Because customers require 24×7 operations, they must protect business applications and virtual infrastructures from site outages and other disasters.

SnapMirror software is the primary NetApp data protection solution. It is designed to reduce the risk, cost, and complexity of disaster recovery. It protects customers' business-critical data and enables customers to use their disaster recovery sites for other business activities which greatly increases the utilization of valuable resources. SnapMirror software is for disaster recovery and business continuity, whereas SnapVault software is for long-term retention of point-in-time backup copies.

SnapMirror software is built into the Data ONTAP operating system, enabling a customer to build a flexible disaster recovery solution. SnapMirror software replicates data over IP or Fibre Channel to different models of NetApp storage and to storage not produced by NetApp but managed by V Series systems. SnapMirror software can use deduplication and built-in network compression to minimize storage and network requirements, which reduces costs and accelerates data transfers.

Customers can also benefit from SnapMirror products if they have virtual environments, regardless of the vendors they use. NetApp software integrates with VMware, Microsoft Hyper-V, and Citrix XenServer to enable simple failover when outages occur.

More Information

SnapMirror data replication leverages NetApp unified storage to turn disaster recovery into a business accelerator.

Built on NetApp’s unified storage architecture, NetApp SnapMirror technology provides fast, efficient data replication and disaster recovery (DR) for your critical data, to get you back to business faster.

With NetApp’s flagship data replication product, use a single solution across all NetApp storage arrays and protocols, for any application, in both virtual and traditional environments, and in a variety of configurations. Tune SnapMirror technology to meet recovery point objectives ranging from zero seconds to hours.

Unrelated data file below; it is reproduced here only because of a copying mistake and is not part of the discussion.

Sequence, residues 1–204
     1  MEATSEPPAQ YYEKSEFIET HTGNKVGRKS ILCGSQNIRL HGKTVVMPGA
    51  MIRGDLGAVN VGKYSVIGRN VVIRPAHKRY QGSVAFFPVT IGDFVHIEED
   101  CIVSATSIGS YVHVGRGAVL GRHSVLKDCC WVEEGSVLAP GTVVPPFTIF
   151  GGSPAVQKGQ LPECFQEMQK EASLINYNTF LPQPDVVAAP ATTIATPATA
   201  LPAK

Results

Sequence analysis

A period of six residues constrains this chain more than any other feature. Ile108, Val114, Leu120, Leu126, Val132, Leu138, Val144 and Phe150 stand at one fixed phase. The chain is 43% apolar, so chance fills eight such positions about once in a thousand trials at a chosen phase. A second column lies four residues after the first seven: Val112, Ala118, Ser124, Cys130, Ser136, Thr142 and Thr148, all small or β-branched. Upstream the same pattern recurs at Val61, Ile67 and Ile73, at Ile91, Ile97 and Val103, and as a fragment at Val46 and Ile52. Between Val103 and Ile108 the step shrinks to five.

Cost-effective SnapMirror capabilities include new network compression technology to reduce bandwidth utilization; accelerated data transfers to lower RPO; and improved storage efficiency in a virtual environment using NetApp deduplication. Integrated with FlexClone volumes for instantaneous, space-efficient copies, SnapMirror software also lets you use replicated data for DR testing, business intelligence, and development and test—without business interruptions.

Combine SnapMirror with NetApp MultiStore and Provisioning Manager software to gain application transparency with minimal planned downtime.



Disaster Recovery

  • Reference: NetApp Training - Fast Track 101: NetApp Portfolio
In addition to enabling rapid, cost-effective disaster recovery, SnapMirror software simplifies testing of disaster recovery processes to make sure they work as planned - before an outage occurs. Typically, testing is painful for organizations. Companies must bring in people on weekends, shut down production systems, and perform a failover to see if applications and data appear at the remote site. Studies indicate that disaster recovery testing can negatively impact customers and their revenues and that one in four disaster recovery tests fail.

Because of the difficulty of testing disaster recovery, many customers do not perform the testing that is necessary to ensure their safety. With SnapMirror products and FlexClone technology, customers can test failover any time without affecting production systems or using much storage.

To test failover with SnapMirror products and FlexClone technology, a customer first creates space-efficient copies of disaster recovery data instantaneously. The customer uses the copies for testing. After finishing testing, the customer can delete the clones in seconds.

SnapVault Vs SnapMirror

When I was getting into NetApp I had a big trouble understanding the difference between snapvault and snapmirror. I heard an explanation: Snapvault is a backup solution where snapmirror is a DR solution. And all I could do was say ‘ooh, ok’ still not fully understanding the difference…

 The first idea that popped out to my head was that snapmirror is mainly set on volume level, where snapvault is on qtree level. But that is not always the case, you can easily setup QSM (Qtree snapmirror).

The key to understanding the difference is really understand the sentence: Snapvault is a backup solution where snapmirror is a DR solution.

What does it mean that SnapVault is a backup solution?

Let me bring some picture to help me explain:

 

Example has few assumptions:
  • We’ve got filerA in one location and filerB in other location
  • That customer has a connection to both filerA and FilerB, although all shares to customers are available from filerA (via CIFS, NFS, iSCSI or FC)
  • All customer data is being transfered to the filerB via Snapvault

What we can do with snapvault?

  • As a backup solution, we can have a longer snapshot retention time on filerB, so more historic data will be available on filerB, if filerB has slower disks, this solution is smart, because slower disk = cheaper disks, and there is no need to use 15k rpm disk on filer that is not serving data to the customer.